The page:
[ Naxos Film Music Classics / CD ]
Release Date: Tuesday 9 October 2007
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Max Steiner's music for The Treasure of the Sierra Madre is one of the composer's best remembered scores and gathered recognition by winning the Venice World Award in 1948.
Although the film was a critical success, it didn't have the box office appeal Warners had hoped for. Its reputation, however, has grown over the years and it is now considered one of the true classic American films.
There have been previous suites recorded from this score, which amounted to highlights of the main thematic material. I thought the time was right for a substantially complete recording of Steiner's score. I say substantially because I eliminated a couple of cues that ran only for a few seconds and also some of the repetitious sections where extreme paranoia has taken over Bogart's character in the last third of the picture.
Because of the nature of the film, much of Steiner's music was composed for transitions and montages rather than his usual approach of underscoring long dialogue sequences or action scenes. This approach makes many of his cues shorter than normal, so I have lumped many of these cues together to make a more effective listening experience away from the film. However, all the music on this recording is in "film chronological order."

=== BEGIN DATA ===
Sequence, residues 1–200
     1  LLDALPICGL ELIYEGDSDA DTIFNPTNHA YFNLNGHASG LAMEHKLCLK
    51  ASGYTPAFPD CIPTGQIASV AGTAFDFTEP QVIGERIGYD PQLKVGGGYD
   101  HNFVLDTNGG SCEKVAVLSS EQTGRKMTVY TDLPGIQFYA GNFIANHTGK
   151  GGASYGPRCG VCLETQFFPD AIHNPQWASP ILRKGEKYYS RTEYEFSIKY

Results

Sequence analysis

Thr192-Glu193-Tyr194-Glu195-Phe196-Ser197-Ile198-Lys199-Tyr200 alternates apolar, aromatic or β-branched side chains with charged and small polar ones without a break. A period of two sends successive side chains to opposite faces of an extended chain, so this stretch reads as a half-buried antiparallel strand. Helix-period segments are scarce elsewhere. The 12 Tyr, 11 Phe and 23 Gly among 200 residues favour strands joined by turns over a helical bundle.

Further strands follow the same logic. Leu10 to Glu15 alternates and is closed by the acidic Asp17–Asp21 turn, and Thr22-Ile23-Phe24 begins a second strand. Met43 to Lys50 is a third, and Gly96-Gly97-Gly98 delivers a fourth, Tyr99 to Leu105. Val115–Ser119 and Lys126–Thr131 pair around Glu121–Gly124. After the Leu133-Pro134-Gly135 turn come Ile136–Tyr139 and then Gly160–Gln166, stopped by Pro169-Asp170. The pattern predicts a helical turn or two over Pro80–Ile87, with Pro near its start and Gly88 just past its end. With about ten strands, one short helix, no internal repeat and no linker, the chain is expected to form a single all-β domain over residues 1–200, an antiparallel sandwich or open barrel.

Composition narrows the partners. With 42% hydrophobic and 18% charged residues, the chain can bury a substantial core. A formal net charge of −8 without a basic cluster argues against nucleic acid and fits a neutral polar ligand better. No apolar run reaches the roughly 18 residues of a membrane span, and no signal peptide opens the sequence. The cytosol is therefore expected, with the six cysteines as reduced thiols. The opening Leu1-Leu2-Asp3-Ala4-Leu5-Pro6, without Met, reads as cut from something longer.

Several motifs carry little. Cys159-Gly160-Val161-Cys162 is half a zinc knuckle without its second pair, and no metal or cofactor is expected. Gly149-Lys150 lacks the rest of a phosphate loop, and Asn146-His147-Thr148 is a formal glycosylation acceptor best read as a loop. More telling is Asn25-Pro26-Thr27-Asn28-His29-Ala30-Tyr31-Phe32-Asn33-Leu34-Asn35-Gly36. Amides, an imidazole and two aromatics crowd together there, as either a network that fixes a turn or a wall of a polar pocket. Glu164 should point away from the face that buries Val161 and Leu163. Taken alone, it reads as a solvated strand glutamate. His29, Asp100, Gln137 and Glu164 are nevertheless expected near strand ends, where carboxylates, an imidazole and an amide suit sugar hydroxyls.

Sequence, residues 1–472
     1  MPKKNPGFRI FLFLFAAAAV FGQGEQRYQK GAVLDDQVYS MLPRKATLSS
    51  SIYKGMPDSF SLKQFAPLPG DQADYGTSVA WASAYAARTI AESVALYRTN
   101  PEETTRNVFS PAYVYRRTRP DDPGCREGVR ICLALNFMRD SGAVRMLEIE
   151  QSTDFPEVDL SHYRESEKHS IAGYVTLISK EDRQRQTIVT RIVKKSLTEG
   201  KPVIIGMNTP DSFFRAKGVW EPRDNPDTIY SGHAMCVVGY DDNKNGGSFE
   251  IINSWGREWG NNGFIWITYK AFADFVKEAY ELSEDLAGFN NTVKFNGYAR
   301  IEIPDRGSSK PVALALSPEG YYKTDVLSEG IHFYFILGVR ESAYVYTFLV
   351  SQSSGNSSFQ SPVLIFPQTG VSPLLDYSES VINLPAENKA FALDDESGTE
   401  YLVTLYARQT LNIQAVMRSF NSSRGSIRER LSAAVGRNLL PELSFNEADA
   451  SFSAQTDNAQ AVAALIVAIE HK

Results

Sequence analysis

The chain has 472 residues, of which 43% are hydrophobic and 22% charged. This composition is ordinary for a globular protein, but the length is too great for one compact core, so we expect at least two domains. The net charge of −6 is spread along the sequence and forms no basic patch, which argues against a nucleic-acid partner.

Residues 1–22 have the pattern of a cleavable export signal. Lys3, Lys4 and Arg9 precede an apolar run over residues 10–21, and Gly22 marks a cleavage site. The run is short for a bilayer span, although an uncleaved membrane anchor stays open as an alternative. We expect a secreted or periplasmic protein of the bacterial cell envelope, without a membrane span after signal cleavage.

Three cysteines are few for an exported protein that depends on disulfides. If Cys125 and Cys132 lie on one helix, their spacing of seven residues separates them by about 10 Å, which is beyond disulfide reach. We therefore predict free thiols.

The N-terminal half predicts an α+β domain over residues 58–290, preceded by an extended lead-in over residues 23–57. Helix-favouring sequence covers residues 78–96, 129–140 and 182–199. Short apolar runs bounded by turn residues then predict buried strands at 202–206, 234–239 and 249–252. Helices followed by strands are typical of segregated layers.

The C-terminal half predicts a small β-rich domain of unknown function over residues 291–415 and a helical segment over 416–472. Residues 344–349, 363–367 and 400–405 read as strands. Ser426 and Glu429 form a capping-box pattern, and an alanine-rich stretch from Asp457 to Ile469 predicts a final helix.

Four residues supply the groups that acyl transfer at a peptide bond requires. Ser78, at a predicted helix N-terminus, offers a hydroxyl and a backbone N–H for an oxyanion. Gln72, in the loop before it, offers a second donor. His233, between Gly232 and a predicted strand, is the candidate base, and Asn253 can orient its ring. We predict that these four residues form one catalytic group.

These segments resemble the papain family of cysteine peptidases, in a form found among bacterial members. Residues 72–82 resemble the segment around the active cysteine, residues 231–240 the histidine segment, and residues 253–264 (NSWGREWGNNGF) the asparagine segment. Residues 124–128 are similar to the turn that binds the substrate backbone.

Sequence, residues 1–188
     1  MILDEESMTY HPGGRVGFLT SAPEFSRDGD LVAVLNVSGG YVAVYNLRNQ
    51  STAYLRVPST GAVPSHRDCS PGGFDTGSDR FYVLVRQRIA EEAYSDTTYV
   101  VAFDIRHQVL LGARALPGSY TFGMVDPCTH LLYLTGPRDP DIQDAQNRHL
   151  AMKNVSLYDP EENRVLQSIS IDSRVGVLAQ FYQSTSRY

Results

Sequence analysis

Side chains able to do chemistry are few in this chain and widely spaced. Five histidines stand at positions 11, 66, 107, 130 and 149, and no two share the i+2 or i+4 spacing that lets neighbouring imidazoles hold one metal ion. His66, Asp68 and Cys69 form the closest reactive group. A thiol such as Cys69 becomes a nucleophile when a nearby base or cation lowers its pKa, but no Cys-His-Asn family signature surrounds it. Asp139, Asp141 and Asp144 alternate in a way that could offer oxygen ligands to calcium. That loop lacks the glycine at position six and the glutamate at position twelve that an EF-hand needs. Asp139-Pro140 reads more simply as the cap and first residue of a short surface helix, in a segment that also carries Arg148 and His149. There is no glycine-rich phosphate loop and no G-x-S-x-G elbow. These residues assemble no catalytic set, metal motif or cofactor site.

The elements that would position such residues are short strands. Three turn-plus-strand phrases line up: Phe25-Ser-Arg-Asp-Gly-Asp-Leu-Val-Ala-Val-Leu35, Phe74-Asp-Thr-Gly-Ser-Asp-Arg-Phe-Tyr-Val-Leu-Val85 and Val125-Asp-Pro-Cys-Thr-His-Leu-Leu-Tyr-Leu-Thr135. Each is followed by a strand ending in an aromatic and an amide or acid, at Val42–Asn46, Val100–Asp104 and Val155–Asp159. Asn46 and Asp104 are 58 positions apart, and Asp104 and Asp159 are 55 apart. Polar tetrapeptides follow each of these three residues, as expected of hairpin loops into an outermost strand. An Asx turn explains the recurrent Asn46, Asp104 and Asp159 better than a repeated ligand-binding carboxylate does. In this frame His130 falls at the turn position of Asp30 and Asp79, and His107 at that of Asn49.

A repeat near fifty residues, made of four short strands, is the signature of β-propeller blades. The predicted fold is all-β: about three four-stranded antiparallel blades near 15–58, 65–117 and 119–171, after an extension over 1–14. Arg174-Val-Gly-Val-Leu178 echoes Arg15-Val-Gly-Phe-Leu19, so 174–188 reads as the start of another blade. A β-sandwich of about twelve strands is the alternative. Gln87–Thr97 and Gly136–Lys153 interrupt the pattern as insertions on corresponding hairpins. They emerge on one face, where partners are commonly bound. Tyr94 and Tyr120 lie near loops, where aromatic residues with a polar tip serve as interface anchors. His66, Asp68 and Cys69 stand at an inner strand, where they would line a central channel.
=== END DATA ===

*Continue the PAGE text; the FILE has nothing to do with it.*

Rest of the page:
From an orchestrational point of view, this score is very complicated. In addition to the large studio orchestra, Steiner added numerous "colour" instruments to represent a "gold effect." These include two harps, two pianos, celesta, two vibraphones, glockenspiel, triangle, and various sized suspended cymbals. I was also determined to implement all the instrumentation Steiner indicated in his sketches, which his orchestrator, Murray Cutter, brilliantly realized in full score. The composer coloured his music with instruments associated with Mexico, including accordion, guitars, marimbas, xylophones, Mexican drums and shakers, as well as saxophones, harmonica, four mandolins, and choir.
The Treasure of the Sierra Madre (restored J. Morgan)